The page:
Chicago | Reuters — U.S. soybean futures firmed for the third time in four sessions on Thursday, supported by a better-than-expected export report and hopes for a trade deal with China, traders said.
Corn futures also closed in positive territory, with more rain in the U.S. Midwest sparking fresh concerns about planting delays in key growing areas.
But soft red winter wheat eased, giving up early gains on a technical setback. MGEX spring wheat fell for the sixth day in a row, pressured by expectations of rising acreage in Canada.
U.S. President Donald Trump said on Thursday that trade talks with China were going well and he would only accept a “great” deal as negotiators hammered out differences ahead of a meeting between Trump and China’s vice-premier later in the day.
U.S. officials have cited progress in the talks on tricky aspects, including reforming practices such as intellectual property theft and forced transfer of technology from U.S. companies doing business in China.
“It looks like some kind of a deal is going to come out,” said Karl Setzer, operations manager for U.S. grain elevator company Citizens LLC. “We don’t know what, but it actually looks a little positive.”
The U.S. Agriculture Department on Thursday said weekly soybean export sales totaled 1.992 million tonnes, topping a range of trade forecasts.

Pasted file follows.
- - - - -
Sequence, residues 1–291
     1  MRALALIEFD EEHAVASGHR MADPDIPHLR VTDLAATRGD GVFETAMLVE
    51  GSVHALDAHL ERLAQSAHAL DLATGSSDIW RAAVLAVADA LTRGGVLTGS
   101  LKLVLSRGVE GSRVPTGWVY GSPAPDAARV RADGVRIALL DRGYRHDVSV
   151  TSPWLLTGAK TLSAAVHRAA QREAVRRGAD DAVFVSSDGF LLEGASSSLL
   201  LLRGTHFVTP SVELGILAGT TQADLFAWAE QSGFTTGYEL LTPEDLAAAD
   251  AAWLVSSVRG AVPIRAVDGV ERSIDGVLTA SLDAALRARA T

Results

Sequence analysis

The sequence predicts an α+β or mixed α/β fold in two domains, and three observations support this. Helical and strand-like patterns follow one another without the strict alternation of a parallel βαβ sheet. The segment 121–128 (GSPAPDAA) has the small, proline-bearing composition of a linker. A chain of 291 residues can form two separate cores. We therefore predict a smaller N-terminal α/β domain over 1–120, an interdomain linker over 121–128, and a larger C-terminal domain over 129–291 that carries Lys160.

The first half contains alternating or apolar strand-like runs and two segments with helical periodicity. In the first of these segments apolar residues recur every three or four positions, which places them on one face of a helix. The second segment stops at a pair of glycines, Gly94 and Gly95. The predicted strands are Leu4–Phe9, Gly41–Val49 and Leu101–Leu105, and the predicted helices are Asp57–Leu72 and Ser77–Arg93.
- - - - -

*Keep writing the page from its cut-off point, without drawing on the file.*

The report showed soybean export sales to China in the week were 1.7 million tonnes, up from zero the previous week.
Chicago Board of Trade May soybean futures ended up 7-3/4 cents at $9.06-1/2 a bushel (all figures US$). Soybean prices hit their highest since March 26.
Some buy stops were triggered when prices passed $9 a bushel, pushing the market to its session peak, Setzer added.
CBOT May wheat was down 1/4 cent at $4.70-3/4 a bushel. Wheat peaked at $4.77-1/2 a bushel shortly after the market reopened on Thursday morning but turned lower after failing to take out its March high of $4.78 a bushel.
MGEX May spring wheat ended at $5.27-1/4 a bushel, down 7-1/2 cents, after touching a contract low of $5.25-3/4.
Wheat export sales also were bigger than expected, totaling 1.018 million tonnes, while corn export sales of 630,200 tonnes fell below the low end of a range of analysts’ expectations.
CBOT May corn was 2-1/2 cents higher at $3.65-1/4 a bushel.
“Rains will also spread into the eastern and southern Midwest, which will continue to slow corn planting there,” Don Keeney, senior agricultural meteorologist for weather forecaster Radiant Solutions, said in a note to clients.
— Mark Weinraub is a Reuters commodities correspondent in Chicago; additional reporting by Gus Trompiz in Paris and Naveen Thukral in Singapore. Includes files from Glacier FarmMedia Network staff.